“During a time of very high populism in the country, where people did not see higher ed reflecting the needs of the general population in states like Washington and California, there was a movement to defund universities from public funding,” Branon said. Extension units were founded to serve those who the university does not tend to serve. Looking at higher education in the modern era, Branon said there are still audiences that are unserved and under-served, which should prompt colleges and universities to revisit their execution on their respective missions … According to Branon, executing on this vision requires colleges and universities to re-evaluate their relationship with technology—and thinking about the learning product through a different lens.

In an expansive report released at the end of last month, the Brookings Institution asks an important question: Whose Learning Counts? The report investigates the value of learning outside the classroom. The report addresses the twin topics of how can those who have accrued learning outside the classroom better communicate their skills and knowledge to employers, and how can states facilitate the granting of credit for that learning in academic institutions?

In some cases, the structures have existed in underutilized form for decades. University of Louisville professor Matt Bergman writes in Evolllution that credit for prior learning (CPL), also known as prior learning assessment (PLA), offers an opportunity to bring academic credit to outside-the-classroom knowledge at a reduced cost to the learner. Citing a recent study by CAEL and the Western Interstate Commission for Higher Education, covering more than 465,000 students, he points to the strong links that exist between CPL and student success. The most exciting aspect is that CPL/PLA programs are already on the books at thousands of colleges and universities. Most of these recognize a wide range of documented experiential learning to be applied as college credit.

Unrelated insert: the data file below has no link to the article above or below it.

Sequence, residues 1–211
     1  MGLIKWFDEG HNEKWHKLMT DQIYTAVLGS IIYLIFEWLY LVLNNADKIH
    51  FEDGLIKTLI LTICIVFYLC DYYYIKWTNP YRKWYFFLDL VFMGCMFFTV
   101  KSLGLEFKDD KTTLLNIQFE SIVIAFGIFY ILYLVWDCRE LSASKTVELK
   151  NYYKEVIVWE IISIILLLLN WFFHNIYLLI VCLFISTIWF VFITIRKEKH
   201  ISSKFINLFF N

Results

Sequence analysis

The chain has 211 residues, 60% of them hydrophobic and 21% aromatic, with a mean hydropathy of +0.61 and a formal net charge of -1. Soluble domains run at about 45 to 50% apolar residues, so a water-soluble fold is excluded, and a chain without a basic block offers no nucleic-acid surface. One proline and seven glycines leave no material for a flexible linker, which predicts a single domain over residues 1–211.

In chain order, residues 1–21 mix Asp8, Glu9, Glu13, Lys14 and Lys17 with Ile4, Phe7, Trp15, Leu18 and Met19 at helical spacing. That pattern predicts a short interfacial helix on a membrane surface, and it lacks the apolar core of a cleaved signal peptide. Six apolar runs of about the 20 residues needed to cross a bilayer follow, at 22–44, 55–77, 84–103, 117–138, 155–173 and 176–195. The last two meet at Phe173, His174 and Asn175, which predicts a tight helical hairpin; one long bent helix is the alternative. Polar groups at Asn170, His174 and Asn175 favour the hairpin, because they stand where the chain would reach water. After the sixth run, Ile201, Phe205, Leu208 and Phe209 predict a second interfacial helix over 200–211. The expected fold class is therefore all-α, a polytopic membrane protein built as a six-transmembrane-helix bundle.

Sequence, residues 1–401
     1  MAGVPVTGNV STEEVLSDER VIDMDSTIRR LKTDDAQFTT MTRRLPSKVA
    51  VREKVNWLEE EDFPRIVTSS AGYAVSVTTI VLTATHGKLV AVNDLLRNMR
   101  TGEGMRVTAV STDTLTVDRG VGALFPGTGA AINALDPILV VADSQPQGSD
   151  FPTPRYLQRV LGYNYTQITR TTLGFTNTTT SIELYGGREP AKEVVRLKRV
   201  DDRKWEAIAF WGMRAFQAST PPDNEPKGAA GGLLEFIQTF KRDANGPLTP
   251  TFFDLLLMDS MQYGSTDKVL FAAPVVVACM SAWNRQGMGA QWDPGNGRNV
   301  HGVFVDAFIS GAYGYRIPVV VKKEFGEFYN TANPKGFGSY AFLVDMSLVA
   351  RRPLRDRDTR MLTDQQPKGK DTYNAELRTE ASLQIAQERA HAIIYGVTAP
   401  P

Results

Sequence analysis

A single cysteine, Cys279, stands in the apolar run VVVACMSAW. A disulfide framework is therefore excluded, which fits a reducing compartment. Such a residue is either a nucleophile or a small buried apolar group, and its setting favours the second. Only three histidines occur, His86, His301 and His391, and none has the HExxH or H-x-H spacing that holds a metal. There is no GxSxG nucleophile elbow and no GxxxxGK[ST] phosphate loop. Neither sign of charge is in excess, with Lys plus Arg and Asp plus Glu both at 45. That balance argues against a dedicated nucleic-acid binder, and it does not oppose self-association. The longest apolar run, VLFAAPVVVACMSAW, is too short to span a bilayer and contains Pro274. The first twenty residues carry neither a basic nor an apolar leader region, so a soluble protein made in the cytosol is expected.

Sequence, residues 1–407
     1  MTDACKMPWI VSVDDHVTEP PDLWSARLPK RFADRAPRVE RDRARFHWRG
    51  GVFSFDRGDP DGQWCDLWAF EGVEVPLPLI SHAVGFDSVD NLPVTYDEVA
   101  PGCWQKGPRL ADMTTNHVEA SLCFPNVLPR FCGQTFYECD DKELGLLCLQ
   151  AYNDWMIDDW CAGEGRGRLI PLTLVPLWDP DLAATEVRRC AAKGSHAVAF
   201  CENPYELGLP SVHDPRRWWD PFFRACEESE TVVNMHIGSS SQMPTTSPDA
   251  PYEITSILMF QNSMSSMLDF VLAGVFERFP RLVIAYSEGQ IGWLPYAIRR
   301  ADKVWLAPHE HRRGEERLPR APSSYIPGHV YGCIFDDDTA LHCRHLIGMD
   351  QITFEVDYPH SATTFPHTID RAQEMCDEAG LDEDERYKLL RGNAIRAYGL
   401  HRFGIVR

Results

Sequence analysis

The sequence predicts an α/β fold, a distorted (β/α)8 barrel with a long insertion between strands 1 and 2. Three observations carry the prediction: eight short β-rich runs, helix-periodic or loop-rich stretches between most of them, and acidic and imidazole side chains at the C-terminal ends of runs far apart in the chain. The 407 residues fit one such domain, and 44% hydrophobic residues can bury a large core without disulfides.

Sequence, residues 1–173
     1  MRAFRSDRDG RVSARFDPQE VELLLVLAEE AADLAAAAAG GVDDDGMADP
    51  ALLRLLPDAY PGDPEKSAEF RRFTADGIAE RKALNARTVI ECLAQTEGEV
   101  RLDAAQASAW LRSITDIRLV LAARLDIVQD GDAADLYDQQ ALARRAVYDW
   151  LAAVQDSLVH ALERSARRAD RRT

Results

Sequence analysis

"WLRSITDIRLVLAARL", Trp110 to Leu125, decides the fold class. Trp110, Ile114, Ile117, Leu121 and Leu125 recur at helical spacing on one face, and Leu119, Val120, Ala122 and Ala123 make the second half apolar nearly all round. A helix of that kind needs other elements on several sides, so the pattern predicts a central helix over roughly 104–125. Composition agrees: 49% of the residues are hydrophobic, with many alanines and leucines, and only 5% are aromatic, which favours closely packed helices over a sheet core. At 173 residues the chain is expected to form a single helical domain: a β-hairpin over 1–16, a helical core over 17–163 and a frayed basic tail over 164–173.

The federal government is also fostering apprenticeships in a number of ways. Noting that are more than 800,000 apprenticeships across the country, the apprenticeship.gov site claims to be the one-stop source to connect career seekers, employers and education partners with apprenticeship resources. Noting that the registered apprenticeship program has a proven track record of producing strong results for both employers and workers, the site says the average starting salary of those completing approved apprenticeships is $77,000. The National Center for Employment Statistics reports that overall the average starting salary of the holder of a bachelor’s degree is $59,600.

Internships are also a great way to gain workplace experience while attending college. The federal government also models best practices by offering paid internships at the White House and the State Department, among many other opportunities.

Are the CPL/PLA programs at your university thriving? If not, what can be done to make them more attractive to students, employers and faculty members? Does your college encourage paid apprenticeships and internships for credit? These are practice paths to give students the experience, skills and knowledge to confidently make the transition to the workplace.

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Ray Schroeder